Cytomegalovirus infection - Oral Mucosal Lesion
Uncommon in the oral cavity, CMV presents primarily as persistent and progressive ulceration typically occurring in human immunodeficiency virus (HIV) and immunosuppressed patients. In rare cases, CMV manifests in the parotid gland. Patients often have concomitant infection of the gastrointestinal tract (bloody diarrhea) and/or the eyes (chorioretinitis). Other symptoms include lymphadenopathy, hepatosplenomegaly, esophagitis, pneumonia, and meningoencephalitis. Transmission is by body secretions, including saliva, blood, urine, breast milk, semen, and cervical fluid.
With the advent of highly active antiretroviral therapy (HAART), this oral infection has been on the decline in the United States.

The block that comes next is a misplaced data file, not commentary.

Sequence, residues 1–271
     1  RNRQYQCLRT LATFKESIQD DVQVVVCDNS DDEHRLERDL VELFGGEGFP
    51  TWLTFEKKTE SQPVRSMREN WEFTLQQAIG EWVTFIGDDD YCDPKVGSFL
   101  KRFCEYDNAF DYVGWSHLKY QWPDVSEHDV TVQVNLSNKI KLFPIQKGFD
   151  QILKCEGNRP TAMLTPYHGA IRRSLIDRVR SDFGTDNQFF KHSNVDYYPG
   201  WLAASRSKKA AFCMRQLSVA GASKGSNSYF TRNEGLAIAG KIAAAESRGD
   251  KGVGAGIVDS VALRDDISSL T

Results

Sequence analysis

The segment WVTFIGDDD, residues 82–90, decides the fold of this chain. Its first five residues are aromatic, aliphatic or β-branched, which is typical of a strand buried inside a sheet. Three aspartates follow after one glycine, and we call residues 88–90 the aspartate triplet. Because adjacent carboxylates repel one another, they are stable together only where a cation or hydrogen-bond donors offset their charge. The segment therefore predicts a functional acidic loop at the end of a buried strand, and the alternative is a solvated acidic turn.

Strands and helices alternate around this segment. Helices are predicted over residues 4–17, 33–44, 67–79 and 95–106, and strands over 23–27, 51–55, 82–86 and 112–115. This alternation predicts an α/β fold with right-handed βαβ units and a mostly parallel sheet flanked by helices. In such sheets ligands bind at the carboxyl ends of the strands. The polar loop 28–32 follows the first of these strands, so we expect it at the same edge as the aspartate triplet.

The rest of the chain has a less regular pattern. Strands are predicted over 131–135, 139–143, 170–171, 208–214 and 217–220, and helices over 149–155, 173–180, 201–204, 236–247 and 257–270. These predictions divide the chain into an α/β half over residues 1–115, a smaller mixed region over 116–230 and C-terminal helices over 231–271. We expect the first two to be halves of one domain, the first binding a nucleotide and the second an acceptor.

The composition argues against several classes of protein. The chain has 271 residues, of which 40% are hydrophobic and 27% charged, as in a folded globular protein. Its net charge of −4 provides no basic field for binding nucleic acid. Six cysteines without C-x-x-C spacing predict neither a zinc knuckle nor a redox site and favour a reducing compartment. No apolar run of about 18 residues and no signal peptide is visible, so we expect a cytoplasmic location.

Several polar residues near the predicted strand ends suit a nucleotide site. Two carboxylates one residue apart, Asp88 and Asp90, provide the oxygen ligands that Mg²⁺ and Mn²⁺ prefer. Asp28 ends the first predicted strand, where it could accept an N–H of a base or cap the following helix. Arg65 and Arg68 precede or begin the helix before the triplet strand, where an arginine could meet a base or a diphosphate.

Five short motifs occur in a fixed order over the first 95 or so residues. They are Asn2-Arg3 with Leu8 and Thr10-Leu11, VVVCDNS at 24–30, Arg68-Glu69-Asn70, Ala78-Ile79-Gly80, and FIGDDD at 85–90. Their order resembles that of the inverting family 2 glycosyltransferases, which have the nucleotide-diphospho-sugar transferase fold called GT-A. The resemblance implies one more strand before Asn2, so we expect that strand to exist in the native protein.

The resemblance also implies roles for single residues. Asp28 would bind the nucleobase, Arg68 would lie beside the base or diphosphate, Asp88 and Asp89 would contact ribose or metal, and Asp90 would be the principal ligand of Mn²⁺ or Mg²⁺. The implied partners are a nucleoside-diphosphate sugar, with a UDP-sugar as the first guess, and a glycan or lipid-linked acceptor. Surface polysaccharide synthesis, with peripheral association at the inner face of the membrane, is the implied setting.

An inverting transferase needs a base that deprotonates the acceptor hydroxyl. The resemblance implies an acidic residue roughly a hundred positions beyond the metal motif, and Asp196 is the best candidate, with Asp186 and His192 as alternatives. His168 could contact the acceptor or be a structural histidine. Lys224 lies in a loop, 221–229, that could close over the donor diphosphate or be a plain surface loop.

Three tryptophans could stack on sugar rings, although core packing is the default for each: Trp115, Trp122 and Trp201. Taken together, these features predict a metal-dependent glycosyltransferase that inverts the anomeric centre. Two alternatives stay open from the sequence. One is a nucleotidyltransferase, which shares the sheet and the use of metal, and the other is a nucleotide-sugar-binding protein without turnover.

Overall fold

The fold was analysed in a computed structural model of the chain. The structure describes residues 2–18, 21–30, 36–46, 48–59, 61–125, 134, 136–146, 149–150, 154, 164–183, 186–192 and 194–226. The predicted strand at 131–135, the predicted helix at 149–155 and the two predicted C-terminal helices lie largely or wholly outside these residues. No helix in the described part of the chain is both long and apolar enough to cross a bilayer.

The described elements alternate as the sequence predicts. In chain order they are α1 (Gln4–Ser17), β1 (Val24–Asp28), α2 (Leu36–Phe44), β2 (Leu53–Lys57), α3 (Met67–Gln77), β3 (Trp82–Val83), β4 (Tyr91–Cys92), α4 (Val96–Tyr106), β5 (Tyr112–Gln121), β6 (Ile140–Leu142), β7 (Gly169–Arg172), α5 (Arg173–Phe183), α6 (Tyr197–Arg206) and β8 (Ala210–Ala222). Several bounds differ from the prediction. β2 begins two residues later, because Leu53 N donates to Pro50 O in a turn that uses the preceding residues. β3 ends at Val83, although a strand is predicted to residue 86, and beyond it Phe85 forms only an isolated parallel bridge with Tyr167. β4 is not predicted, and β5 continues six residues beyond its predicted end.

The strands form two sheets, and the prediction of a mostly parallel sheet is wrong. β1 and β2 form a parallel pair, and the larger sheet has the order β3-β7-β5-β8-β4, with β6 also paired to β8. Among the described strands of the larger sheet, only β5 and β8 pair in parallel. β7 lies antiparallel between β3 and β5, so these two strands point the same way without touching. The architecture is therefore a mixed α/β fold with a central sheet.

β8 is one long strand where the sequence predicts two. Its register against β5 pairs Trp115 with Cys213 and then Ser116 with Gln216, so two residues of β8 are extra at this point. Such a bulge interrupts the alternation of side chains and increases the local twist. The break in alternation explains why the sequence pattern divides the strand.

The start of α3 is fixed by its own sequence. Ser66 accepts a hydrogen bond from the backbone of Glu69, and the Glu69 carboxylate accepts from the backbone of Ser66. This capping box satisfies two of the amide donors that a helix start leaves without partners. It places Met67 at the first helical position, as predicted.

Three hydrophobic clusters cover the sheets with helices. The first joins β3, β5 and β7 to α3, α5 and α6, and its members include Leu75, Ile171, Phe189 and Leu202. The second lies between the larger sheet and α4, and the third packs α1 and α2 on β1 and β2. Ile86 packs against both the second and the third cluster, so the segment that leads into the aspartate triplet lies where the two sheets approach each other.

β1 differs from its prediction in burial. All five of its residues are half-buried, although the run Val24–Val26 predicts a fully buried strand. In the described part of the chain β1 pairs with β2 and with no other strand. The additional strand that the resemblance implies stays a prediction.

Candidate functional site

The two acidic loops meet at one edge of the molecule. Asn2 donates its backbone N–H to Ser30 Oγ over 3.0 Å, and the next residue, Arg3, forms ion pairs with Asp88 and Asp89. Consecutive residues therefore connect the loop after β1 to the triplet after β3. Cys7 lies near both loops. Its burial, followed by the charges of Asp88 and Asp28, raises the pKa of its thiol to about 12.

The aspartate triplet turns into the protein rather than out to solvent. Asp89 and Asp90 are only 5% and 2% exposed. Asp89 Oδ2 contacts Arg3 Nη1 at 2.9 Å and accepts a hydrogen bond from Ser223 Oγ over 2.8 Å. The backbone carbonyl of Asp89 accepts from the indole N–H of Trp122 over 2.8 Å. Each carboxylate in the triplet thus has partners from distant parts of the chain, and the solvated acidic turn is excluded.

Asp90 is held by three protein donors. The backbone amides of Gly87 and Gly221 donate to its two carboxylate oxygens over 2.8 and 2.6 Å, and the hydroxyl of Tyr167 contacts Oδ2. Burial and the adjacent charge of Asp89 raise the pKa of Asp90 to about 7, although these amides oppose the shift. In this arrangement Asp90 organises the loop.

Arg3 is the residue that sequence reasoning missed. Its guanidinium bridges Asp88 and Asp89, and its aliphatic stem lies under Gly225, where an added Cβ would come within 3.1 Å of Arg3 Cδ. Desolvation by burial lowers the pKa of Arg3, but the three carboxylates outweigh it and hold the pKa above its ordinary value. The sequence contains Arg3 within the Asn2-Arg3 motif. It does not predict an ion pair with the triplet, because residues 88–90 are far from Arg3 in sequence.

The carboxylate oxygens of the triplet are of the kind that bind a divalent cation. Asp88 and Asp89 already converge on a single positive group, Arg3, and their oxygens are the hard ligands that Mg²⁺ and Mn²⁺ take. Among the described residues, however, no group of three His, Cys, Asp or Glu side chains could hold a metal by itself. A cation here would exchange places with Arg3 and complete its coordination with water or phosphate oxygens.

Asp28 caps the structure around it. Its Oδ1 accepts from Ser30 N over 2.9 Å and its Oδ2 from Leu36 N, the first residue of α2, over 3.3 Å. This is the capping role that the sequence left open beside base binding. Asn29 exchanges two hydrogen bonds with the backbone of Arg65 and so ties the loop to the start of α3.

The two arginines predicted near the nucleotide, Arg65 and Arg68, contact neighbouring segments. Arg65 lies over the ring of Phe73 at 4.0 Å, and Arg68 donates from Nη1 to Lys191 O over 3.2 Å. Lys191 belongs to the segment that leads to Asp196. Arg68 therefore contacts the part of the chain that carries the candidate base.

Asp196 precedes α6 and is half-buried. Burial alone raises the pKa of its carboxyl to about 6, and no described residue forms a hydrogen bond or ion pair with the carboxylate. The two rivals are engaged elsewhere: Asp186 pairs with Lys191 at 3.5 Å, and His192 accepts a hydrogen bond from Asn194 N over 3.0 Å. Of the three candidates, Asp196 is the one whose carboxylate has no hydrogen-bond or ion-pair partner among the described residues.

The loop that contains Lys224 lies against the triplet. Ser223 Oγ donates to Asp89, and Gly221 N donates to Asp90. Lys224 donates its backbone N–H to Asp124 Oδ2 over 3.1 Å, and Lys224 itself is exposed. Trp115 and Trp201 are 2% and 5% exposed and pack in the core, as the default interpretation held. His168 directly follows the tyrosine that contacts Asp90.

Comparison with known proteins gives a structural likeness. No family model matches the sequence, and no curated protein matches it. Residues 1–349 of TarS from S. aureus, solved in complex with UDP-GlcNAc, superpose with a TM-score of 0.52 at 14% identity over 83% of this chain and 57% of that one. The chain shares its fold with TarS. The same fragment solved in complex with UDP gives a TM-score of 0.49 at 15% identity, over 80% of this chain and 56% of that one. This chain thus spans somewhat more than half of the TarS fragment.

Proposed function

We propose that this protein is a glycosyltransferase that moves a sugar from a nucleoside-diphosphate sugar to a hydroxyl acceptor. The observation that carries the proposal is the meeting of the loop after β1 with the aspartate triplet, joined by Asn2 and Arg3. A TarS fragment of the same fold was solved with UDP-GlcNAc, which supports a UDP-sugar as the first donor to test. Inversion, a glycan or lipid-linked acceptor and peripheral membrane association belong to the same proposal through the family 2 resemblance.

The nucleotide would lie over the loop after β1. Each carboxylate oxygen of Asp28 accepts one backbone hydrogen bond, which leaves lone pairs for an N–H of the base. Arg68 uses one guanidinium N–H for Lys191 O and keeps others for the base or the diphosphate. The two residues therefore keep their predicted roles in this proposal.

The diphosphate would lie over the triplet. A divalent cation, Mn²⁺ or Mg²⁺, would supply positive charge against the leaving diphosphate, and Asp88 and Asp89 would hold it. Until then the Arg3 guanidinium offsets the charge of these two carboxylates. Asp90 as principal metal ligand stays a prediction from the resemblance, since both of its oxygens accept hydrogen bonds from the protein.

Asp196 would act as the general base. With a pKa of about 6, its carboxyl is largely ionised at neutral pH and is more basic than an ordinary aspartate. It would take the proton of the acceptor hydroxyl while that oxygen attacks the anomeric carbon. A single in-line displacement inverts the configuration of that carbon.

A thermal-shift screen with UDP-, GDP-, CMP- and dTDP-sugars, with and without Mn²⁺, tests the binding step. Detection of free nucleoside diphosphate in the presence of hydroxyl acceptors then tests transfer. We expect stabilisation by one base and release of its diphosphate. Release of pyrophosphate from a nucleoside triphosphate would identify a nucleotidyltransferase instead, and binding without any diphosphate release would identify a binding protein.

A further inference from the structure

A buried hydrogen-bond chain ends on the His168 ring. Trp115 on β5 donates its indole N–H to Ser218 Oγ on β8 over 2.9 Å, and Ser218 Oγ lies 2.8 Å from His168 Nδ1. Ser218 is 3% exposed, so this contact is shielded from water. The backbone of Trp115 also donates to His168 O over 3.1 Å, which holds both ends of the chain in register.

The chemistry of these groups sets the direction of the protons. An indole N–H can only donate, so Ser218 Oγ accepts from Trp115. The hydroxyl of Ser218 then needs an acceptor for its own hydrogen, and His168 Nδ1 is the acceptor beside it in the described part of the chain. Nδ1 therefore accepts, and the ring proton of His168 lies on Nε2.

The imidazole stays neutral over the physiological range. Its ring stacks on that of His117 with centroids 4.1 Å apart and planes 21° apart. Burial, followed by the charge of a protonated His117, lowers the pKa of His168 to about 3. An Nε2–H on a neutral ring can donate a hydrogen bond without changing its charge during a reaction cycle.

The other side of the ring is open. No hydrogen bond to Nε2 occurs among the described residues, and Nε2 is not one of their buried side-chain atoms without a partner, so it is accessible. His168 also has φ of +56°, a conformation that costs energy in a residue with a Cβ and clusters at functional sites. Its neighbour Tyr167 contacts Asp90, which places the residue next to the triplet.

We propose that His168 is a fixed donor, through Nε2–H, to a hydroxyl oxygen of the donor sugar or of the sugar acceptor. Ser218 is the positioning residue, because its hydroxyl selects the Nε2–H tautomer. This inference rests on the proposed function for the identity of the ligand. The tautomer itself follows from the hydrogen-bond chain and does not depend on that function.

Related topic: Cytomegalovirus infection of newborn, Cytomegalovirus retinitis
B25.9 – Cytomegaloviral disease, unspecified
28944009 – Cytomegalovirus infection
- Oral recrudescent herpes simplex virus (HSV) – distinguished by culture or biopsy
- Recurrent aphthous ulcers of the major type – are indistinguishable except that a biopsy would be nonspecific
- Tuberculosis – may appear similar and is distinguished by biopsy
- Non-Hodgkin lymphoma – usually appears as a fleshy mass but may be primarily ulcerated; distinguished by biopsy
- Squamous cell carcinoma – distinguished by biopsy
- Deep fungal infection – distinguished by biopsy